MA Political Science (University of Toronto, Canada)
PhD Political Science (University of Toronto, Canada)
Lisa’s research has focused on two broad areas: health politics and policy in developing countries; and environmental politics and policy. Her health policy research was focused on the implementation of the maternal health Millennium Development Goal (MDG-5). She is now working on the politics of mining regulation, focusing on the Australian case, in a comparative study with Graeme Auld, Alexandra Mallett, and several other researchers.
Program Director, Bachelor of Public Affairs and Policy Management
Regulation of mining and the environment, particularly in Australia; maternal and reproductive health policy in the developing world; environmental policy.
- M.A. in Public Administration (MAPA) Students’ Society Excellence in Teaching Award, 2013
- M.A. in Public Administration (MAPA) Students’ Society Excellence in Teaching Award, 2008
- Honourable Mention, Carleton University Faculty of Public Affairs Excellence in Teaching Award, 2007
Books & Edited Collections
Wednesday, May 3, 2023
Lisa Mills: Getting closure? Mining rehabilitation reform in Queensland and Western Australia
SPPA Professor Lisa Mills' paper "Getting closure? Mining rehabilitation reform in Queensland and Western Australia" was published in The Extractive Industries and Society, vol 11, September 2022. https://doi.org/10.1016/j.exis.2022.101097 Highlights Mining legacies arising from orphaned and abandoned mines a global issue. Reform to address...
Wednesday, December 22, 2021
Alexandra Mallett and Lisa Mills Publish Article in The Extractive Industries and Society
Environmental impacts of mining in Brazil and the environmental licensing process: Changes needed for changing times? Alexandra Mallett, Erica Lima, Barros Franca, Italo Alves, and Lisa Mills Abstract Brazil, a key mining producer globally, has a comprehensive system of environmental laws and institutions. Nevertheless, their effectiveness has...
Cooperatives and Renewable Energy – potential lessons learned from Alaska for Nunavut, 2017-present
(co-supervisor with advisor James Meadowdroft)
The Limits of Trust: The Millennium Development Goals, Maternal Health, and Health Reform in Mexico.
When the United Nations announced the Millennium Development Goals (MDGs) in 2000, approximately half a million women worldwide died each year from complications associated with pregnancy and childbirth. The fifth MDG aimed to reduce the maternal mortality rate by 75 per cent between 1990 and 2015, but by the target date, the goal had not been reached.
In The Limits of Trust Lisa Nicole Mills investigates the reasons why Mexico in particular did not meet its objective. Focusing on the states of Guerrero, Chiapas, and Oaxaca, where maternal mortality rates are the highest in the country, Mills looks into how MDG 5 has been implemented in Mexico, how it has been experienced by individuals and groups, what obstacles have been encountered, and what factors have facilitated improvements in maternal health. Using data gathered from interviews with NGOs, government officials, and health care workers, the book argues that government and feminist NGO efforts to build trust in the health care system have fallen short because of systemic failures to protect women’s rights and enhance the quality of health care.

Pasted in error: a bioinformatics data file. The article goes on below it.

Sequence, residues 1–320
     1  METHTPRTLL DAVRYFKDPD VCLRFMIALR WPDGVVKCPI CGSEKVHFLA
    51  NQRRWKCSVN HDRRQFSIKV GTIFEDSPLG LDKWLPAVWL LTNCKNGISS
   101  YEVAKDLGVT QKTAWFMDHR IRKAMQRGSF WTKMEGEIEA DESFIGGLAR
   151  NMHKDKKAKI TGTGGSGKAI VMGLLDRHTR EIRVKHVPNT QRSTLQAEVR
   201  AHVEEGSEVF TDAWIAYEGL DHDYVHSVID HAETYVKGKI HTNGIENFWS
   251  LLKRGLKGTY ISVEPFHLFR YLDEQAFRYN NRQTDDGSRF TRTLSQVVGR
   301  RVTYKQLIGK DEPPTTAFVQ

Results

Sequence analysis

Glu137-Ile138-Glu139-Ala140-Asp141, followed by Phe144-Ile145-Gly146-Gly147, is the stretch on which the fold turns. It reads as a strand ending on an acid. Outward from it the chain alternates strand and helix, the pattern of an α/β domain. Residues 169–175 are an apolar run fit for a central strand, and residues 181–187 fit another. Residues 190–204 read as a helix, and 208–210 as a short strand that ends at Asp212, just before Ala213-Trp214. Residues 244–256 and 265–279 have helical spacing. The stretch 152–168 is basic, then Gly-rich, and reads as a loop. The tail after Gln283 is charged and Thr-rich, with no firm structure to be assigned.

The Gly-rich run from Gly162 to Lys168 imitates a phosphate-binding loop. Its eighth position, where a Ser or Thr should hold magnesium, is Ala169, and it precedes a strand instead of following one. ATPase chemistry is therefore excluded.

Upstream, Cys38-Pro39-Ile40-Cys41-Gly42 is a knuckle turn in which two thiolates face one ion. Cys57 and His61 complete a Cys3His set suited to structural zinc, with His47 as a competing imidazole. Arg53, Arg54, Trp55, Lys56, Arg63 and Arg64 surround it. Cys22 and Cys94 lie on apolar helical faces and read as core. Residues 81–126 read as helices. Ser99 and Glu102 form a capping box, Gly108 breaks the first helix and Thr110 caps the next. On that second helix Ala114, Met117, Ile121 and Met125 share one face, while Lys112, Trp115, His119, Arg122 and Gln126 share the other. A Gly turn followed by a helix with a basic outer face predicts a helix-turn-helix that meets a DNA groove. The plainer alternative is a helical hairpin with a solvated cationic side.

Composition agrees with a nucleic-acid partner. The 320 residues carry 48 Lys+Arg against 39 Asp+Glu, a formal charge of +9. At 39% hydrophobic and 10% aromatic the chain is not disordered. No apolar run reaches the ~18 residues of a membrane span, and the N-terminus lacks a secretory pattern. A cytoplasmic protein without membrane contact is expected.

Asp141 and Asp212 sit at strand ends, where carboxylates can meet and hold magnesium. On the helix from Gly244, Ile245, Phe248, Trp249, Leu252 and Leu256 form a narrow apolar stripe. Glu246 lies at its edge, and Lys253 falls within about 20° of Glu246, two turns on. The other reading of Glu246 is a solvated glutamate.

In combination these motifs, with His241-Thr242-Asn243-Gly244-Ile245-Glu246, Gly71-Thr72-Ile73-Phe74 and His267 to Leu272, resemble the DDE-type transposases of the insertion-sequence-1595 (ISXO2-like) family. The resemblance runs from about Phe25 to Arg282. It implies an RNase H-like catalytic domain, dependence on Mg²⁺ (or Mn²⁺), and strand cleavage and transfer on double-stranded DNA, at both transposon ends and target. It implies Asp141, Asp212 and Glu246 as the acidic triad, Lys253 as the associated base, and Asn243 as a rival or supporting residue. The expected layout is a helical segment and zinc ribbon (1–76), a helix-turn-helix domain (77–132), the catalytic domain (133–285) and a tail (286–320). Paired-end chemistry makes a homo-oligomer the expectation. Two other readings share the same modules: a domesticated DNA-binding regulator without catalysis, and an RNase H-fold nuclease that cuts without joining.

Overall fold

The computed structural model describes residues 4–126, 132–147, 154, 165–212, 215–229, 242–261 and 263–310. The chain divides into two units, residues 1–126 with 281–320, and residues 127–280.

Science and Social Context: The Regulation of Recombinant Bovine Growth Hormone in North America
The first major product of agricultural biotechnology was recombinant bovine growth hormone (rbGH, also know as rbST), a drug produced by Monsanto to increase milk production in cows. Following worldwide debate about its safety, it was approved in the United States in 1993 but rejected in Canada and Europe in 1999. In Science and Social Context Lisa Mills looks at how regulatory scientists arrive at conclusions about product safety, given the constraints of the environment in which they work.
She examines the decision-making processes at Monsanto that led to their making the drug available and discusses corporate, academic, and regulatory decision-making in the context of a restructured global political economy for agriculture. Mills shows that there was consensus about the scientific evidence but interpretation of that evidence differed depending on the context from which it was viewed. Scientists who analyzed it for regulatory bodies interpreted it differently than scientists in corporate or academic institutions, and scientists in Canada and Europe interpreted it differently than those in the United States. In the United States it was assumed that any problems arising from its use could be taken care of within the existing dairy system; in Canada and Europe these problems were regarded as legitimate animal welfare issues. While all regulatory bodies agreed that human health problems were unlikely, in Canada the Health Protection Branch questioned this, but ultimately rejected the drug on animal health grounds.
- February 16, 2021
Black History Month: Carleton Focuses on Anti-Racism Initiatives (Carleton Newsroom)
- July 15, 2020
2020 FPA Excellence Awards: A Virtual Celebration (FPA News)
- August 31, 2020
Students as Partners Program Pairs Students and Instructors to Design Courses (Carleton Newsroom)
- September 9, 2020
PAPM students push for racial equity, The Charlatan (The Charlatan)
- January 26, 2018
Jean Charest Lecture Headlines FPA Research Month (FPA News)
- April 23, 2014
An open letter on the Fair Elections Act (The Globe & Mail)
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